An integral part of ex-gay programs is to build a quick and powerful community through emotional worship and small group mentoring. This concentrated community ideally becomes the participants’ source for support and encouragement. Building of accountability through confession was key. No one was forced to confess, but the pressure to live authentically did exist, and the most direct way to an authentic life was to practice confession. As a participant, I confessed sexual acts, sexual thoughts, anger at God for creating me with SSA, and even frustration with the process of the ex-gay ministry. When I failed in my quest for celibacy, I had to confess to multiple people. I did most of this voluntarily because I believed I could be cleansed of the sin I’d just committed through confession. Most often, these confessions were met by kindness, forgiveness and love. There was no need for chastisement as the structure of the program naturally encouraged self-chastisement. Those moments of confession were preceded by hours and days of anguish and self-hatred at my own weakness. Self-imposed shame and guilt over my failure followed. I had grown accustomed to this cycle. As a participant and then a leader, I struggled to stay emotionally positive when I failed to show the healing that I thought I’d received. Dealing with these failures led to some of the darkest nights of the soul that I have ever had.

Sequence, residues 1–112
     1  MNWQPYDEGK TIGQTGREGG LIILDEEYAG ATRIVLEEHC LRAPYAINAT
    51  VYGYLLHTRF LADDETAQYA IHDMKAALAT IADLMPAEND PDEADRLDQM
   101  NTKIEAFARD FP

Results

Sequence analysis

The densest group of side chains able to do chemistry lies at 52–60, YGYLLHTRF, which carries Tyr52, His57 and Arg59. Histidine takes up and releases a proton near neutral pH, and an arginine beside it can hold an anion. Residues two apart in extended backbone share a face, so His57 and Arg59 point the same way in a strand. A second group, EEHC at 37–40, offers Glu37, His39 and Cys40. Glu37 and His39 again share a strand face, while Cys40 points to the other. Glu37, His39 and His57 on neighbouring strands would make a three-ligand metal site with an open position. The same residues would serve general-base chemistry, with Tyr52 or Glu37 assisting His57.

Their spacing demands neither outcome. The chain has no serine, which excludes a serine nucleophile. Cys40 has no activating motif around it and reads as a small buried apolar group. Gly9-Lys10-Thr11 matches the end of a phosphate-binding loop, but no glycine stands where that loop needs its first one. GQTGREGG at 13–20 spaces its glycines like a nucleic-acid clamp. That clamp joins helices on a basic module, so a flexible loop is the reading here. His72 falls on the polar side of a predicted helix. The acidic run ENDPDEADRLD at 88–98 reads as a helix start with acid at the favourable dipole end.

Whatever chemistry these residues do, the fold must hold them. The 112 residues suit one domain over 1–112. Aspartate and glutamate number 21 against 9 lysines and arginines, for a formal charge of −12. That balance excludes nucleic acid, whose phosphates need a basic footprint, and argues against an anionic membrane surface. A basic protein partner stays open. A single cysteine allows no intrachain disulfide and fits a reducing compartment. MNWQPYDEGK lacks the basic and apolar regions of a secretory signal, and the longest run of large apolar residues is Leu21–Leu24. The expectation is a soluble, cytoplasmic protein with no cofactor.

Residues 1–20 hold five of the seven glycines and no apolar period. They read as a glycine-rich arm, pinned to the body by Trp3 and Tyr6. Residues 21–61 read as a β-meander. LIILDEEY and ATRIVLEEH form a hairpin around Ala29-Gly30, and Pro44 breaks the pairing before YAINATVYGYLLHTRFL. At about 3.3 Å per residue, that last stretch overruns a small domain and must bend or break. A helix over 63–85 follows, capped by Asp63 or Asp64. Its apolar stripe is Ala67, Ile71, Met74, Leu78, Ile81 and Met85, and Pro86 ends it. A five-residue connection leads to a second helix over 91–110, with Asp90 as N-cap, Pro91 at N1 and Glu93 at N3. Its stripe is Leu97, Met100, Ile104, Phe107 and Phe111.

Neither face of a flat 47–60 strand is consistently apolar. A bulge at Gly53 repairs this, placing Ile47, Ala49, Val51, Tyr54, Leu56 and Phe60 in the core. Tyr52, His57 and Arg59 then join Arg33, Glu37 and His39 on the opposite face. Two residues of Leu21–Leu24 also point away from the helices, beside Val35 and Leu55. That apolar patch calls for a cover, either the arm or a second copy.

Failure cycle – hatred for letting God and my community down, confession, guilt and shame, shaky freedom, failure
The moments where I understood my life would most likely be the above cycle on continuous repeat were the ones where I did actually wonder if life was even worth living. I was 25 at the time, and had been grappling with my sexuality and faith for years. I was exhausted. Things changed for me, however, when I began to watch one of the participants that I was responsible for try to grasp her future struggle in light of her SSA.
Ashley was a 17-year-old kid whose father had suggested that she enroll in the program because he recognized that she had homosexual tendencies. She had not fully opened herself up to her same sex attractions. In my mind, this would be the factor that saved her. My journey had been so hard because I had experienced relationships with women and had, undeniably, felt the emotional/spiritual connection that had been missing from my relationships with men. I poured myself into “saving her” and, as I had been taught, pressured her into coming to the realization that to be spiritually pure she needed to pursue relationships with men or, at the least, work through her SSA and be celibate.